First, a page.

http://www.ucsusa.org/clean_energy/renewable_energy_basics/renewing-americas-economy.html

Richard Heckler 4 years, 2 months ago

OCTOBER 2007 UPDATE Analysis of the House-passed 15 percent by 2020 Renewable Electricity Standard.

In August 2007, the U.S. House of Representatives passed energy legislation (H.R. 3221) that included a 15 percent by 2020 national standard. Although the Senate passed an energy bill in June 2007 that did not include a national standard, it has supported the policy three times since 2002 (most recently in June 2005). House and Senate negotiators will have to decide whether to include a national standard in the final bill. UCS updated our July 2007 Cashing In on Clean Energy analysis to examine the effects of the House-passed standard and found that it would provide the following benefits:

Consumer Savings $13 billion to $18.1 billion in lower electricity and natural gas bills by 2020 (growing to $27.7 billion to $31.8 billion by 2030)

Energy Diversity Increase in clean, renewable energy capacity to between 3.6 and 4.5 times over 2005 levels

Climate Solutions Reductions in global warming pollution equal to taking between 13.7 and 20.6 million cars off the road

Download the updated Cashing In on Clean Energy analysis including a breakout of consumer energy bill savings by state.

http://www.ucsusa.org/clean_energy/solutions/renewable_energy_solutions/cashing-in-on-clean-energy-a.html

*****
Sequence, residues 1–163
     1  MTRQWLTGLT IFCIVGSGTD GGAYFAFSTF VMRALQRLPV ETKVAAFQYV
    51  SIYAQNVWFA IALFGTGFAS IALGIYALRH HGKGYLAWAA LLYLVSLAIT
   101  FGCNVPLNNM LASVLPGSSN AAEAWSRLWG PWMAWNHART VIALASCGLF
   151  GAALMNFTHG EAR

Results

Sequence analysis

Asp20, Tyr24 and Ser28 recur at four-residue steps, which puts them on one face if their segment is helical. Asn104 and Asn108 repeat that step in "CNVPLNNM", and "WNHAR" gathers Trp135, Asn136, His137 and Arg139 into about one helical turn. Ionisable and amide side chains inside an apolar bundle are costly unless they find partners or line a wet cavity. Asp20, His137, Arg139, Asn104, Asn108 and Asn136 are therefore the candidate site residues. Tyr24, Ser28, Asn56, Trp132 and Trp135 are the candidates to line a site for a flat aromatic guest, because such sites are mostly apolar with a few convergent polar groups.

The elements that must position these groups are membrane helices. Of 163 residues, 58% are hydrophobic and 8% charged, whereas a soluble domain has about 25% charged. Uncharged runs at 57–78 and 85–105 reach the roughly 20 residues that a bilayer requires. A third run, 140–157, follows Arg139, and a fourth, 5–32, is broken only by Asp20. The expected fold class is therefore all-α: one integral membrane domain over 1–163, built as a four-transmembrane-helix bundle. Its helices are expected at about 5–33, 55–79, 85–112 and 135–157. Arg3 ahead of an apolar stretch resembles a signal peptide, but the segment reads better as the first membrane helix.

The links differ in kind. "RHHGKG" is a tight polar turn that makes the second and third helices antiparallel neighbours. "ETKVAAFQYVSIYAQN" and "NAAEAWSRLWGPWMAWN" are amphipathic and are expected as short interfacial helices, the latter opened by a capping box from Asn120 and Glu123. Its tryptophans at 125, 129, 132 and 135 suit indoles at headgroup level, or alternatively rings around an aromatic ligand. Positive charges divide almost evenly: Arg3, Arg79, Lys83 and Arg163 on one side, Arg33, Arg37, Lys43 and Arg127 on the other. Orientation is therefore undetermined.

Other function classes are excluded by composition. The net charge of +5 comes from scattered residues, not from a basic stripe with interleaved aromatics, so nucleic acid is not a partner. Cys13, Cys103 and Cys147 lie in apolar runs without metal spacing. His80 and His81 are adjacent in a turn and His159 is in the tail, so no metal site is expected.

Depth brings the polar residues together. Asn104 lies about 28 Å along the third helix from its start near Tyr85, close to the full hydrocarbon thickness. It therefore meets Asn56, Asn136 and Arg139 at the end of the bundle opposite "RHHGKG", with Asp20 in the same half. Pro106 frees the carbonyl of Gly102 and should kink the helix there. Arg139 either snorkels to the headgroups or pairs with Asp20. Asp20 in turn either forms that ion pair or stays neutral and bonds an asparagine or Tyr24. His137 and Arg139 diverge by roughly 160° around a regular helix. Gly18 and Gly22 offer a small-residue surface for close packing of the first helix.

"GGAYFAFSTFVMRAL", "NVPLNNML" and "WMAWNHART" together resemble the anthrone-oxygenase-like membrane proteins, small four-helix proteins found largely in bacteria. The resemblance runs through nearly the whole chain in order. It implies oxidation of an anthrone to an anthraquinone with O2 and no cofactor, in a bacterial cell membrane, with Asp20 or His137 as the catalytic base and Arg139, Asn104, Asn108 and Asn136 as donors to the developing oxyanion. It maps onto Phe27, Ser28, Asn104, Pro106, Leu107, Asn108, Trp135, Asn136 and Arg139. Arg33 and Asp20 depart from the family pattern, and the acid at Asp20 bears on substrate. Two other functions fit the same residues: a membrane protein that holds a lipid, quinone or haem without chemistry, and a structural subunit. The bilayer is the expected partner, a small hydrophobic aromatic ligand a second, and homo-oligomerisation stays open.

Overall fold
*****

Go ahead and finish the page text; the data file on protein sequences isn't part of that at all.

Flap Doodle 4 years, 2 months ago

Don't forget that brownouts are a good way to enforce energy conservation, right, merrill?

Richard Heckler 4 years, 2 months ago

Nuclear Power Is Not Clean or Green!

No contemporary energy source is as environmentally irresponsible, imposes such a high liability on taxpayers, or is as dangerous as nuclear power. Industry efforts to "greenwash" nuclear energy make a mockery of clean energy goals. Although nuclear reactors do not emit carbon dioxide, promoting nuclear risks to reduce greenhouse emissions is the classic jump from the frying pan into the fire!

The Real Dirt on "Clean" Nuclear Energy

* The mining, milling and enrichment of uranium into nuclear fuel are extremely energy-intensive and result in the emission of carbon dioxide into the atmosphere from the burning of fossil fuels.

* Estimated "energy recovery time" for a nuclear power plant is about 10 to 18 years, depending on the richness of uranium ores mined for fuel. This means that a nuclear power plant must operate for at least a decade before all the energy consumed to build and fuel the plant has been earned back and the power station begins to produce net energy. By comparison, wind power takes less than a year to yield net energy, and solar or photovoltaic power nets energy in less than three years.